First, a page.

Issues such as high screener turnover, low pay and inadequate training have been corrected with the federal government’s assumption of those responsibilities, and a safer, more secure system has been achieved, he said.
During 2002, 100 percent of flights that had been suspended after Sept. 11, 2001, were reinstated.
But Ford International did enter the new year with a bit of old baggage, too.
From October 2001 to September 2002 the airport incurred nearly $1.5 million in additional costs for federally mandated security measures put in place after Sept. 11. More than a year ago Congress promised full reimbursement, but it has yet to deliver on its promise.
As it previously announced it would, Skyway Airlines discontinued service to Columbus, Ohio, on Jan. 1, citing inadequate load factors.
“Load factor is just one piece of the puzzle, but it gives an indication of how well the service is doing,” Schedlbauer said. “At today’s fares, a 45 percent load factor isn’t cutting it.”
Whether or not an airline makes money on a particular route isn’t solely determined by passenger head counts. An airline may be filling its planes, but its yield per passenger may not be producing a profit, he explained.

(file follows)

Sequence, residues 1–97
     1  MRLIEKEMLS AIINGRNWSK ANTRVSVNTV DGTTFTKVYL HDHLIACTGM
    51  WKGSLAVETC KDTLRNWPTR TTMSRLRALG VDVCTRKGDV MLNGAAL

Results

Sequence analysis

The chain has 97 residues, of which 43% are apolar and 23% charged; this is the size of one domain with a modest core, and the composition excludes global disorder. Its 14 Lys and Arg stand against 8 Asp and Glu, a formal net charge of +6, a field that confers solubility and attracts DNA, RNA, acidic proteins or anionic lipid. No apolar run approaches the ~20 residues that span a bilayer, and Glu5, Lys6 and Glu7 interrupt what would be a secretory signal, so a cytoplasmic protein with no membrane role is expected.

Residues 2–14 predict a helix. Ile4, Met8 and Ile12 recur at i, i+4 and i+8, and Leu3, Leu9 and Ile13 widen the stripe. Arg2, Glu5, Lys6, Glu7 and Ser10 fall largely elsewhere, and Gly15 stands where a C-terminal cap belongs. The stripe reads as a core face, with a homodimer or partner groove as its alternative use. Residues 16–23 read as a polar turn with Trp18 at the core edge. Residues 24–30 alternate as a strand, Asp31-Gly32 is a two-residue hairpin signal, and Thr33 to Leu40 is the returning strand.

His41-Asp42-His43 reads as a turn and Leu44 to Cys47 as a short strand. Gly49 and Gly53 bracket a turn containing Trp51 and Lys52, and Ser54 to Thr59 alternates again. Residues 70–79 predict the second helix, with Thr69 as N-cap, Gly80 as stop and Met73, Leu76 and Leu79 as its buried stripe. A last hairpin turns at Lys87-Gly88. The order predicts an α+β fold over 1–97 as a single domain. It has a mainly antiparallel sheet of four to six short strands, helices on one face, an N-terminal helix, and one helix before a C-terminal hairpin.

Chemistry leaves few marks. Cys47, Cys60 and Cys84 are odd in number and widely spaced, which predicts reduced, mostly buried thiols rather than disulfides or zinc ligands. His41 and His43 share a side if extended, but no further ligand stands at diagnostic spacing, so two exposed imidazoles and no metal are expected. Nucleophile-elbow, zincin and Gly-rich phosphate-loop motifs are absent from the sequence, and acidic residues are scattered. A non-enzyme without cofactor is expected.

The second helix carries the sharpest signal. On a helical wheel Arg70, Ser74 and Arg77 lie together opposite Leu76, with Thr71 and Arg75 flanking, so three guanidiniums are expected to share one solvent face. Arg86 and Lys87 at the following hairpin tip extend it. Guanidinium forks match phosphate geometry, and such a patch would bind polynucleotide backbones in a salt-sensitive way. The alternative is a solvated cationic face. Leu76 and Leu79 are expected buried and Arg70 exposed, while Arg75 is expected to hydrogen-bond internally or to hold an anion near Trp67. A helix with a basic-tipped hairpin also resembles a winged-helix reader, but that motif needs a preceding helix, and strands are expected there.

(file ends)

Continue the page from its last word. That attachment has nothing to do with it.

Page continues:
The airlines’ margins are getting squeezed by low fares, which, in adjusted dollars, are the lowest seen since deregulation in 1978. High labor and other costs are tightening the squeeze.
Koslosky said loss of Skyway’s Columbus service isn’t of great concern because Columbus “isn’t even on our radar screen” when it comes to top origin and destination markets.
But the fate of another Skyway service now hanging in the balance could have more impact on the community.
Skyway had cancelled nonstop service between Ford International and Ronald Reagan Washington National Airport following the Sept. 11 terrorist attacks.
It was a profitable service for the airline before then, and even though the service wasn’t consistently running high load factors, Skway was “satisfied” with it, Schedlbauer said.